A fond farewell to Manchester for Britain’s finest pop group
5th March 2013
Ten years after they won Popstars: the Rivals, the five ladies of Girls Aloud are back after varying solo success. While Cheryl Cole became the people’s princess of 2011, Sarah Harding starred in a film with Denise van Outen and Danny Dyer that made £600 in its opening weekend. Swings and roundabouts. To celebrate their anniversary the girls have released the obligatory greatest hits compilation accompanied by a twenty-date arena tour.
Fittingly, support on the tour comes from Amelia Lily. Both had the fate of their careers decided by the British voting public and were then helped on their way by the powerhouse that is Xenomania. Lily came third in the 2011 edition of the X Factor and has since achieved some success, with her debut single ‘You Bring Me Joy’ reaching number two in the charts.
Unfortunately, the stage at the MEN is not designed for an artist performing without the huge amount of staging that usually characterises arena shows. To her credit, Lily tried her best to bring some atmosphere to her set but she was fighting a losing battle. Standing in front of a black curtain that was shielding Girls Aloud’s stage set-up from view, she belted her way through a selection of tracks from her upcoming debut album. At one point she was joined by an acoustic guitarist, which might have worked well in a smaller venue but in the arena just failed to capture anyone’s attention. Her wise choice to close her set with her big single provided a small high point.
In contrast, Girls Aloud had the crowd in the palm of their hand from the minute the curtain dropped. Harnessed onto a giant sign suspended above the crowd, which bore the name of their band, they opened with their debut single ‘Sound of the Underground’, making it perfectly clear why they were still able to do an arena tour of this size ten years after they started.
The production values throughout the show were incredibly high, with all the dancers and costume changes you’d expect. The first costume change turned the concert into something resembling a Victoria’s Secret fashion show, with Nicola rising out of the floor sporting an enormous Indian headdress and Cheryl with angel wings, while the others had similar gigantic feather contraptions strapped to their back for ‘The Show’. They shed the appendages for ‘Love Machine’, which served as a reminder of why they’ve dominated the British pop scene for an entire decade.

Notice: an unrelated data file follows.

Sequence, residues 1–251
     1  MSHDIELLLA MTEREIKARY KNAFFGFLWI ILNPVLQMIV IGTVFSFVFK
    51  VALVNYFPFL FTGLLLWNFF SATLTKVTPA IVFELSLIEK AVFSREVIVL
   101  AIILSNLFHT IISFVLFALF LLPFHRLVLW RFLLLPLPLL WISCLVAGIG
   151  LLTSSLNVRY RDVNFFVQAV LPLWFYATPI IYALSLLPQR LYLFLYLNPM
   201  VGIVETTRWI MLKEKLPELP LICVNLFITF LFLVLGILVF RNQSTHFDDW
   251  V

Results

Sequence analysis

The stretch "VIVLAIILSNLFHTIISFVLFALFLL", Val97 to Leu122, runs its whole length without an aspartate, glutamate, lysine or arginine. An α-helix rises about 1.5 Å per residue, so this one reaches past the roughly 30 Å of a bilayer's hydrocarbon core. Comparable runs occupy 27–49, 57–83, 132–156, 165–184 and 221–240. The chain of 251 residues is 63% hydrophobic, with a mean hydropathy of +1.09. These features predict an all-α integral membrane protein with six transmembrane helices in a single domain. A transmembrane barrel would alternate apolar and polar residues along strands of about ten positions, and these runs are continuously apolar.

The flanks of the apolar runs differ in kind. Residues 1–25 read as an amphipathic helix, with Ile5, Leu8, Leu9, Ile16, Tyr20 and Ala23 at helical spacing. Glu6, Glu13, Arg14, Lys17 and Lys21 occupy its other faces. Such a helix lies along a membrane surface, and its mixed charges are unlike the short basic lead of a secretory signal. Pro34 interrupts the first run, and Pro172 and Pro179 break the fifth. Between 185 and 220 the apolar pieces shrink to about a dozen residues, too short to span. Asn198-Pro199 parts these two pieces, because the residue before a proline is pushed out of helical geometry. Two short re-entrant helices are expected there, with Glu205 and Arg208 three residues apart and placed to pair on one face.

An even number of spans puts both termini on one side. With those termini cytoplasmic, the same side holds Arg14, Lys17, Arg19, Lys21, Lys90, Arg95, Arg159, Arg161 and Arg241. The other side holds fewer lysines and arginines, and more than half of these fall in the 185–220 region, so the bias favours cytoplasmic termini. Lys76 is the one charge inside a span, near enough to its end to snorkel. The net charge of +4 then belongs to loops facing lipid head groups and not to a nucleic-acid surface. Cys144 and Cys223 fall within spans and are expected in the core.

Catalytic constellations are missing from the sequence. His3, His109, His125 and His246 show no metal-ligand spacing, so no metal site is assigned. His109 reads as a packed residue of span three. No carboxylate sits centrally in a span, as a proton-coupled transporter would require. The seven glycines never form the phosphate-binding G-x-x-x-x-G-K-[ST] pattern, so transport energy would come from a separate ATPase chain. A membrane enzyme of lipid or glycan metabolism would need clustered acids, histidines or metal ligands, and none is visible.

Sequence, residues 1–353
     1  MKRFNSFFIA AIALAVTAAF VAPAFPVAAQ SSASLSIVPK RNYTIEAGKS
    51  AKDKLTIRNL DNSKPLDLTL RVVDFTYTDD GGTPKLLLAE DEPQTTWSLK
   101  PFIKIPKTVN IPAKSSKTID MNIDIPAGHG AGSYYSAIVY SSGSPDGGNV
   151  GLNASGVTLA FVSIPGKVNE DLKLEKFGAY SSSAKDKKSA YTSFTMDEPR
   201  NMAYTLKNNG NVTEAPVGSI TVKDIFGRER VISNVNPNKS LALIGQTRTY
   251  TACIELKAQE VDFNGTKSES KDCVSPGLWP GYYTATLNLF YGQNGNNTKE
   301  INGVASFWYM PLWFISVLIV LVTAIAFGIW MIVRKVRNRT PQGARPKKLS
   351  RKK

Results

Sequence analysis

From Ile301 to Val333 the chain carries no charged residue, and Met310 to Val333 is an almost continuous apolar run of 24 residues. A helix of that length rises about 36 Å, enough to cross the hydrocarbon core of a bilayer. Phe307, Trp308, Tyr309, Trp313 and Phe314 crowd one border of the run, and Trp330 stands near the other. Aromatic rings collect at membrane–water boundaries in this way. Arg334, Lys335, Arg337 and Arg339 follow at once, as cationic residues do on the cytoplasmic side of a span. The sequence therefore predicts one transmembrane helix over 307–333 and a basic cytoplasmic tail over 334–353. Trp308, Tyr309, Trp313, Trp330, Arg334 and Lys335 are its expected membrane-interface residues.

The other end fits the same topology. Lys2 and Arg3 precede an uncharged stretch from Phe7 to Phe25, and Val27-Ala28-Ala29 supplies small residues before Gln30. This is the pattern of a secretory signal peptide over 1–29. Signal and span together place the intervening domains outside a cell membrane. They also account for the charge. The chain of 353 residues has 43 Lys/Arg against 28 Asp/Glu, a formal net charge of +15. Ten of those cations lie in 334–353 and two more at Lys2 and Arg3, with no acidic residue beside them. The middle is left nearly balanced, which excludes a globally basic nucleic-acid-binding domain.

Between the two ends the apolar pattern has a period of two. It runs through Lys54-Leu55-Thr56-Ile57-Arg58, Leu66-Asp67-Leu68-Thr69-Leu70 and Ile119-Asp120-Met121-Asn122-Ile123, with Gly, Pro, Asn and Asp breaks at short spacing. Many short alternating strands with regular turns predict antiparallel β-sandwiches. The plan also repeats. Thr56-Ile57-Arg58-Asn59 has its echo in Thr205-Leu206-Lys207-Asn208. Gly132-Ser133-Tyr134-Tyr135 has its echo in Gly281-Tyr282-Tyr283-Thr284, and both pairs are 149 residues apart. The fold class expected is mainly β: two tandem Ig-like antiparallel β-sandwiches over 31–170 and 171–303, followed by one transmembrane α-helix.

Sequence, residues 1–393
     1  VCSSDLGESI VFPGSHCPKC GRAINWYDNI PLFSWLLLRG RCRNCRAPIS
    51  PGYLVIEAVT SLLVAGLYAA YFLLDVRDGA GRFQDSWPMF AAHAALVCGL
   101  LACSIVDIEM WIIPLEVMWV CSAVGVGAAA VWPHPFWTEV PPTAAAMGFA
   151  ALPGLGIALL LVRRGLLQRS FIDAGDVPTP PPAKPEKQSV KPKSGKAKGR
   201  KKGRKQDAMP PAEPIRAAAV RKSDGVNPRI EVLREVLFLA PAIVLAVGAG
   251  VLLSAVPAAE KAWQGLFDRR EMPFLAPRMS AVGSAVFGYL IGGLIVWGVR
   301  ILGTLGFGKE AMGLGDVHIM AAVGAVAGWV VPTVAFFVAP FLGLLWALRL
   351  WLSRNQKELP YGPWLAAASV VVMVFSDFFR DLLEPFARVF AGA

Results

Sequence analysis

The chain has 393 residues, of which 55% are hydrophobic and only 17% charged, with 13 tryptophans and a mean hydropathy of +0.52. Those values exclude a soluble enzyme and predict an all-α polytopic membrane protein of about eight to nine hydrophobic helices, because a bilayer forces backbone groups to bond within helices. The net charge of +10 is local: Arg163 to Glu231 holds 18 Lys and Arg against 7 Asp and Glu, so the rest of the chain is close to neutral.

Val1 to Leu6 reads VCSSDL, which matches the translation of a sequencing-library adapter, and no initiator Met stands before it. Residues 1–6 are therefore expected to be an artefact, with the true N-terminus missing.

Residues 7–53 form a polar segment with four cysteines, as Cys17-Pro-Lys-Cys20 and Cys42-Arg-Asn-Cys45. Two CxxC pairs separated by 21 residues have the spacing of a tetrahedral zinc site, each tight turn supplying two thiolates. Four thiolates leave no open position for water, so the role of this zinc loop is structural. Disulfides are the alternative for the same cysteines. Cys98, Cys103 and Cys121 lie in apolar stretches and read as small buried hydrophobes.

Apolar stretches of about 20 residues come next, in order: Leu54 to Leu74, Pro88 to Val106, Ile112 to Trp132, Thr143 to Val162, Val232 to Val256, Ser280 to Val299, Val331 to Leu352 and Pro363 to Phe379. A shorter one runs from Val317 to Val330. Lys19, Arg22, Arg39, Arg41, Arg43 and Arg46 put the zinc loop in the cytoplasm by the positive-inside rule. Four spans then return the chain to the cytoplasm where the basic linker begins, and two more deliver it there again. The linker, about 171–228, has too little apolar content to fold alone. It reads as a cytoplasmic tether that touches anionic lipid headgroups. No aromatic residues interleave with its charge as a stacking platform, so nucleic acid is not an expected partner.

Behind all the showiness and the expense that allowed them to put on such a production was just an entire night of really, really good pop songs. They’ve already stated that this tour will be the end of Girls Aloud and they’ve managed to send it off in a spectacular style. For the encore they emerged from the floor in matching floor-length, red sequined gowns. In a symbolic move they sang ‘Stand By You’ while videos of their career highlights, including the moment they won a BRIT in 2009, played in the background. Some of them looked visibly moved by the whole experience, with Sarah apparently unable to sing.
It was hard not to take all this with a pinch of salt, however. Knowing what they’ve been doing and the discrepancies in their success, it’s hard to believe that they’re all as friendly as they appeared during this show of unity. It begs the question: will this really be the end? With Cheryl’s star waning as Cher Lloyd overtakes her in popularity and the others not really making a great impression on the charts with their solo efforts, will they really be able to resist resurrecting Girls Aloud, especially when it’s clear that they still have such a loyal fan base? It’s hard to say, but if they stuck to the formula that they’ve been using for the last 10 years, as demonstrated tonight, then there’s no reason why not.